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El Norte

The Epic and Forgotten Story of Hispanic North America
Written by: Carrie Gibson
Narrated by: Thom Rivera
Length: 21 hrs and 20 mins
Categories: History, Americas

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Publisher's Summary

Because of our shared English language, as well as the celebrated origin tales of the Mayflower and the rebellion of the British colonies, the United States has prized its Anglo heritage above all others. However, as Carrie Gibson explains with great depth and clarity in El Norte, the nation has much older Spanish roots - ones that have long been unacknowledged or marginalized. The Hispanic past of the United States predates the arrival of the Pilgrims by a century, and has been every bit as important in shaping the nation as it exists today. 

El Norte chronicles the sweeping and dramatic history of Hispanic North America from the arrival of the Spanish in the early 16th century to the present - from Ponce de Leon’s initial landing in Florida in 1513 to Spanish control of the vast Louisiana territory in 1762 to the Mexican-American War in 1846 and up to the more recent tragedy of post-hurricane Puerto Rico and the ongoing border acrimony with Mexico. Interwoven in this stirring narrative of events and people are cultural issues that have been there from the start but which are unresolved to this day: language, belonging, community, race, and nationality. Seeing them play out over centuries provides vital perspective at a time when it is urgently needed. 

In 1883, Walt Whitman meditated on his country’s Spanish past: “We Americans have yet to really learn our own antecedents, and sort them, to unify them”, predicting that “to that composite American identity of the future, Spanish character will supply some of the most needed parts.” That future is here, and El Norte, a stirring and eventful history in its own right, will make a powerful impact on our national understanding.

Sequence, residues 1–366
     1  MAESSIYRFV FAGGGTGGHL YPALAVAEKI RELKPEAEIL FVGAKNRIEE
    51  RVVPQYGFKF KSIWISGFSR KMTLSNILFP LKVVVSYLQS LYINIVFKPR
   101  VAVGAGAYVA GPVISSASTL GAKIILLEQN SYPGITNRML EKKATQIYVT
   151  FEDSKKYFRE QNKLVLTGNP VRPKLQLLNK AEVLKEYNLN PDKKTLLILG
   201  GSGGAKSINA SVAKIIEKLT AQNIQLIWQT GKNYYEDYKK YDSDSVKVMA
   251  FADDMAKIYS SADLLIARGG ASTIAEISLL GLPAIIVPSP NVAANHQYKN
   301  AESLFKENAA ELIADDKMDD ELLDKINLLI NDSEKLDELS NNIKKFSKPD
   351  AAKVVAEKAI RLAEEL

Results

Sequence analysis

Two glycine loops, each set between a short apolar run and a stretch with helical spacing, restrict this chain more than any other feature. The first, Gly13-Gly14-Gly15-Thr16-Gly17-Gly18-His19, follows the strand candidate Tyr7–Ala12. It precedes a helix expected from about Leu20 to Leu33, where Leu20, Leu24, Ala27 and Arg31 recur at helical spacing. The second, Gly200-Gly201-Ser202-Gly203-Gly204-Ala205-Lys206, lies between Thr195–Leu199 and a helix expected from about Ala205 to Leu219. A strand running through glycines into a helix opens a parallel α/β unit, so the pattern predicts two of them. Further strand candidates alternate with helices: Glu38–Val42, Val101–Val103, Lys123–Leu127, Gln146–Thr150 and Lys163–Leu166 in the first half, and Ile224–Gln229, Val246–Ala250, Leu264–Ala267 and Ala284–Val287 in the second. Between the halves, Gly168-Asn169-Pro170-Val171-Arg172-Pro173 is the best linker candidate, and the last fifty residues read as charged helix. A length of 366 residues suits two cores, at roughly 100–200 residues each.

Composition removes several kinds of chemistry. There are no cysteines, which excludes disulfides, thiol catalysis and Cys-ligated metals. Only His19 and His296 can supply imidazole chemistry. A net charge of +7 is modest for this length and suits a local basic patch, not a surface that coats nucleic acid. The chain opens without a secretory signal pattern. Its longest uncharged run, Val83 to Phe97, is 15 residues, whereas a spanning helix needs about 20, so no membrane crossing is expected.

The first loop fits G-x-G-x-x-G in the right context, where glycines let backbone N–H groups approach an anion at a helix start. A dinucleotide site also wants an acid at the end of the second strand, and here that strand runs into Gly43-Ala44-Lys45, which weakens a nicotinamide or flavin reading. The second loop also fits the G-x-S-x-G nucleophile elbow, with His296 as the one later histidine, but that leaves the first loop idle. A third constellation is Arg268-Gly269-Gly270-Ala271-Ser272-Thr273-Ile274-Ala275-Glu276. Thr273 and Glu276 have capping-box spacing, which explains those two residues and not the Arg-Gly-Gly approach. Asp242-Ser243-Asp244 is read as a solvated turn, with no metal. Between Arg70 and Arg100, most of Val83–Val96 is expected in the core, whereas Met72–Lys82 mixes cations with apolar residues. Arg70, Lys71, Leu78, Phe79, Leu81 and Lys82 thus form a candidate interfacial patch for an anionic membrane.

©2019 Carrie Gibson (P)2019 Audible, Inc.
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  • Overall
    4 out of 5 stars
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  • dragoness' utterances
  • 06-05-19

Encyclopedic to say the least

Cannot imagine an incident that was not included. Particularly interesting was the clarification of how Puerto Rico becomes the failed state. Mexico is a long history marvelously woven in. I appreciate that the author clearly defines his position although far left of mine the honesty is welcome

12 people found this helpful

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  • Roy
  • 12-08-19

A Holistic Perspective

The academic approach Gibson has taken in El Norte is broad. It is no secret that most US history is Anglocentric. Gibson's research and perspective help to diffuse that past centrism. I liked it!

5 people found this helpful

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    5 out of 5 stars
  • Paul Hernandez
  • 13-05-19

El norte.

Breath taking and casting an awareness of a history of Spanish colonialism in the americas. I recommend this book to anyone especially in states that border the southwest. It's historical contributions can help further help in understanding what it mea s to be Hispanic. Excellent read for anyone who loves history both modern and past.

14 people found this helpful

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    5 out of 5 stars
  • Malcolm Brian Peters
  • 25-12-19

Don't miss/overlook this book!

I can't say enough good things about this book. Capta mucha emocion por mi. We are one.

2 people found this helpful

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  • lionel velez
  • 16-02-20

Exceptionally well written and well narrated!!!